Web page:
What every entrepreneur needs to know before making the big pitch to investors
| July 24, 2019
Entrepreneurs know how important investors can be. According to the 2019 State of Entrepreneurship Survey by the Kauffman Foundation, 83% of entrepreneurs do not access bank loans or venture capital, and 65% rely on personal and family savings for startup capital.
The right investors can provide much-needed funds and peace of mind, allowing you to focus on your business. The right investors also have a lot of experience and they can provide valuable advice.
But, your pitch to investors needs to be compelling and persuasive.
Fortunately, Lisa Wentz, public speaking coach, founder of the San Francisco Voice Center, and author of "Grace Under Pressure: a Masterclass in Public Speaking," can help you put your best foot forward. Wentz has worked with executives and managers at Fortune 500 companies such as Adobe, Google, Oracle, Salesforce, and Symantec.
Below, she provides several tips to help you deliver an irresistible pitch.
Know the tools that great speakers use to develop their skills
Great speakers vary their speed to match their content and intention. "Insert pauses before and after important statements," Wentz says. "Stress imagery words to invite the audience into the experience of the story you are telling."
Wentz says great speakers understand that they must set aside their egos for the greater good. "The most important thing in the room is the content, which lives on long after everyone else in the room is gone."
She recommends leading with an "a-ha" moment. "In your introduction, share the insight or catalyst that motivated you to start your company."
Know the questions, not just the answers
This entails the ability to anticipate what questions will come your way from a pitch or presentation, so you won’t be thrown off-guard. "Do research on your potential investors, ask your connections or someone else in the know what kinds of things they look for, and have your answers ready," Wentz says.
In addition to knowing the questions, you should also know the numbers. "Be prepared with the numbers that show why your company fills a need in the industry."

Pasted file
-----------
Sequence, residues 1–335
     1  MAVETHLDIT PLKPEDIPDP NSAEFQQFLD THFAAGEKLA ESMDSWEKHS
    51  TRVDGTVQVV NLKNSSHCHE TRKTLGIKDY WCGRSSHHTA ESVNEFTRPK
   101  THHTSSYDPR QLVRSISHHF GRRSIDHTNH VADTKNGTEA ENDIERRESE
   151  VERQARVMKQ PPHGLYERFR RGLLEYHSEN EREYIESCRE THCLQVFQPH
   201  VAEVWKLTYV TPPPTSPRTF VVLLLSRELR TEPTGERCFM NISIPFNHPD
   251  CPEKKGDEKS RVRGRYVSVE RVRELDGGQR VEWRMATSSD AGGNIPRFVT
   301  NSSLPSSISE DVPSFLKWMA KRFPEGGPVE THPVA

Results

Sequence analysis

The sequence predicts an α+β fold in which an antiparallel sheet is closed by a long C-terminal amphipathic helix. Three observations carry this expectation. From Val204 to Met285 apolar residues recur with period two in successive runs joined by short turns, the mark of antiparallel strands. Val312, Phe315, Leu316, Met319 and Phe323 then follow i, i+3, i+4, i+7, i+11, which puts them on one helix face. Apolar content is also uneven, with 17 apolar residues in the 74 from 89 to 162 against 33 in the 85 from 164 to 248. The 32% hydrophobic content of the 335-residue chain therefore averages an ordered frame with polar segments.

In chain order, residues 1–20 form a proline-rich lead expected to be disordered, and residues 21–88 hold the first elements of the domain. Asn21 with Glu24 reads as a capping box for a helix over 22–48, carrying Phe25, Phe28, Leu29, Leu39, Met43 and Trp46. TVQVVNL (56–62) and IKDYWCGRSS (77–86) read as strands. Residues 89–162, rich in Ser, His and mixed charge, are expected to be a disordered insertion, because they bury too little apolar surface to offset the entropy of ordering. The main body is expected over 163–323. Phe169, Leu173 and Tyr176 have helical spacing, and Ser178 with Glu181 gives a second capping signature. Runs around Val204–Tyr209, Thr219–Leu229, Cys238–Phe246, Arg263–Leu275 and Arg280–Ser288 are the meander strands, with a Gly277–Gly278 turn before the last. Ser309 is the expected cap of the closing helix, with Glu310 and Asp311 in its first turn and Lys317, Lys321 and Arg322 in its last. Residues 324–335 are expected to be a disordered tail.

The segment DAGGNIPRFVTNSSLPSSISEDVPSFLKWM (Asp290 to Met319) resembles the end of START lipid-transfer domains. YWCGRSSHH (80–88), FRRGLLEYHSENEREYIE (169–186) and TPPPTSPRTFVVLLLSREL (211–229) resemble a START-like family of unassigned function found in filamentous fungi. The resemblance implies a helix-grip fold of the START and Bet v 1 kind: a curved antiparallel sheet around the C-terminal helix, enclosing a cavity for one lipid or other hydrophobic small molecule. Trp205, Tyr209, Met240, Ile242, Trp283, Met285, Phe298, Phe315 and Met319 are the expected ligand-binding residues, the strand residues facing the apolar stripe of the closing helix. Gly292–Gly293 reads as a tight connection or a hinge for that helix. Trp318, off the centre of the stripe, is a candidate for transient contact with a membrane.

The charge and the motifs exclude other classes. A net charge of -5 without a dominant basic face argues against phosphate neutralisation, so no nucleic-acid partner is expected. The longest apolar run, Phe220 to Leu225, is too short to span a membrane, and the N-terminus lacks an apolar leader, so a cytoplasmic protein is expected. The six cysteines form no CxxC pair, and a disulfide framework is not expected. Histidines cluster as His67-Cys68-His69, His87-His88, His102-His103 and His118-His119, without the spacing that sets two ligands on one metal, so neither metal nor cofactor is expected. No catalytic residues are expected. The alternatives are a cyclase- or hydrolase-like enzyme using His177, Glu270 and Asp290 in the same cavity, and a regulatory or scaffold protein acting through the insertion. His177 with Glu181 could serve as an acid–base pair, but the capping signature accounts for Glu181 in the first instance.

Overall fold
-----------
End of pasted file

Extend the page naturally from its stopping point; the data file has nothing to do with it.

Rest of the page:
Don’t let pitch decks and slides ruin your presentation
These tools can help to enhance your presentation, but they can also ruin it — unnecessarily. "This should be the easiest part of a pitch, so hire the right person to create a beautiful deck," Wentz says. "We live in a visual culture, so make sure your deck uses color and composition effectively."
One thing you definitely shouldn’t do is create slides with a bunch of words and then spend your time reading the slides. "This will bore your audience and make it look like you’re reciting a report instead of pitching a company you are passionate about."
Don’t be deceived by your expertise
It’s more important to demonstrate that you can lead than to show that you’re an expert.
"An expert is someone a CEO can hire: think Steve Jobs versus Steve Wozniak in the early days of Apple," Wentz says. "As a leader, you must be able to address the needs of your employees, talk to the media, raise money, think big picture constantly, steer the ship, and inspire."
Know why you and your team are the best
Although your leadership ability is more important than your level of expertise, you need to show that you have a team of experts.
"Have an airtight case for why you and your team are best qualified to lead the way and why you are the right people to bring a product or service to the marketplace," Wentz says. So, you also need to know your competition, and be prepared to show how you’re better than them and how you can surpass them.
Do practice, don’t panic, don’t apologize
"Practicing your pitch helps you to perfect it, and also help you to build confidence." Practice in front of the mirror, with mentors, or with a coach. During the actual pitch, remain composed at all times.
If you skip something important, don’t panic. "Instead, return to it casually and say something like, ‘I’d like to expand on an earlier statement/section,’" Wentz advises.
Also, never apologize. "If you don’t have a well-constructed answer for a question, say, ‘We are gathering that data and will have an answer very soon,’" Wentz says.
Prepare physically as well
While preparing your pitch, you also need to prepare yourself. "Get plenty of sleep the night before, eat healthy, drink water, take deep, easy breaths," Wentz says. "Look like someone who can handle pressure with ease."
Treat investors like humans, not bank accounts
Although funding is important, don’t pressure yourself to raise a specific dollar amount, and don’t treat potential investors as purely funding sources.
"Remember that you are always building your network and forming relationships," Wentz advises. "Make the human connection with potential investors — show them that you interested in them as people."
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